Grandparent scams are not new, but they have become more sophisticated in recent years, so they can be difficult to spot. Here is what you need to know about grandparent scams and how to avoid them.
How the scams play out:
There are several variations of the grandparent scam. In each one, the caller will claim to be a grandchild of the target. The scammer will often spoof the grandchild’s number so it shows up on the grandparent’s phone.
The legal trouble scam. In this ruse, a scammer who claims to be the grandchild of the target will call and claim to have been arrested. The “grandchild” will ask their grandparent to send money to post bail. They may also ask for funds to pay for legal representation. They will pass the phone to an alleged representative to accept the funds via wire transfer or gift cards. Of course, this is just another scammer who is in on the crime.
The medical trouble scam. This version of the grandparent scam involves a “grandchild” calling up Grandma or Grandpa and claiming to be seriously injured. They will ask for money to help pay the medical bills.
The international trouble scam. Most common during times when teens and/or young adults are likely to be traveling, such as during spring break or summer vacation, in this scam, a “grandchild” will call and claim they are in deep trouble while traveling. Of course, they will ask for a large sum of money via wire transfer or prepaid debit card to help them get out safely.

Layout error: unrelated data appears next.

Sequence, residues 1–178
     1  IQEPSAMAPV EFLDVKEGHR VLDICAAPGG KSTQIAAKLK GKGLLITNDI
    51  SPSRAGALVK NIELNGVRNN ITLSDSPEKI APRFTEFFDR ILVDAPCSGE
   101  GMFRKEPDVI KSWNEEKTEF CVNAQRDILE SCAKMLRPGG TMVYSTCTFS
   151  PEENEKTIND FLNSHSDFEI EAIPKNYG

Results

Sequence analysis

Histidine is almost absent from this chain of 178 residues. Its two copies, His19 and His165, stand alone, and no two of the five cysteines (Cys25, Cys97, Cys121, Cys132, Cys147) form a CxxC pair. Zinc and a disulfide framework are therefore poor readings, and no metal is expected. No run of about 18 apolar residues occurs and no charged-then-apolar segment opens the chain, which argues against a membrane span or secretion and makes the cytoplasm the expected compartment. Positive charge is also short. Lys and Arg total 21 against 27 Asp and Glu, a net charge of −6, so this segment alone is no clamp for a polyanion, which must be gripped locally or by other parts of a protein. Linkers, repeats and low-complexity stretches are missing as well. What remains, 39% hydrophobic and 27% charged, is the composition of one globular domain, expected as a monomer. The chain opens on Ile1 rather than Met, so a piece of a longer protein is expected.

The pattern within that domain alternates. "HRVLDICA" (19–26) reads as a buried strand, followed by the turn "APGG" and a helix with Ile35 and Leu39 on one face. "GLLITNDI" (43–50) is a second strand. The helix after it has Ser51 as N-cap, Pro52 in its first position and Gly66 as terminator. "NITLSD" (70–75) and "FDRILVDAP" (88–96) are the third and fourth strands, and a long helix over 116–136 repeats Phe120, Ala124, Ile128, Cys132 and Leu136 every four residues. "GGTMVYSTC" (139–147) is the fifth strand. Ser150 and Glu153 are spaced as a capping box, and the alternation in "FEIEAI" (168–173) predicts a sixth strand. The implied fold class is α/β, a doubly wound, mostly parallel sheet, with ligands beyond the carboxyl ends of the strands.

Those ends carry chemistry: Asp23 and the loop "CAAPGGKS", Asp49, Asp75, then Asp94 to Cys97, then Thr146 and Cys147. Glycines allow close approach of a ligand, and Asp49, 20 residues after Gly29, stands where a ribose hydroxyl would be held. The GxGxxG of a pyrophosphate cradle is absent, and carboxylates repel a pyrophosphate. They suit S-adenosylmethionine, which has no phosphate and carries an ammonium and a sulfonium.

If you are targeted:
If you believe you have been targeted by any of these grandparent scams or a similar ruse, follow these steps to keep yourself safe:
Don’t take immediate action. The grandparent scam, like most scams, relies on creating a false sense of urgency so the target has very little time to stop and think about what is taking place. Beat them at their game by taking a step back and thinking rationally about the call you are receiving.
Ask a personal question. Your grandchild’s name is on the Caller ID and the caller sounds just like them – but are they really on the phone? Ask the caller to answer a personal question only your grandchild would know, such as a family memory, an important date or a private joke you share with your grandchild.
Check your grandchild’s whereabouts. If you are still unsure if your grandchild is really calling you, use another phone, or hang up on the call, and call your grandchild on your own. Chances are, your grandchild is perfectly safe and fine.
Hang up and report the crime. Once you have verified that you’ve been targeted by a scammer, hang up and report the scam to the police. Share as much information as you can. It is also a good idea to alert the FTC about the scam. If you have lost money through the scam, the FTC can help you determine your best next steps.
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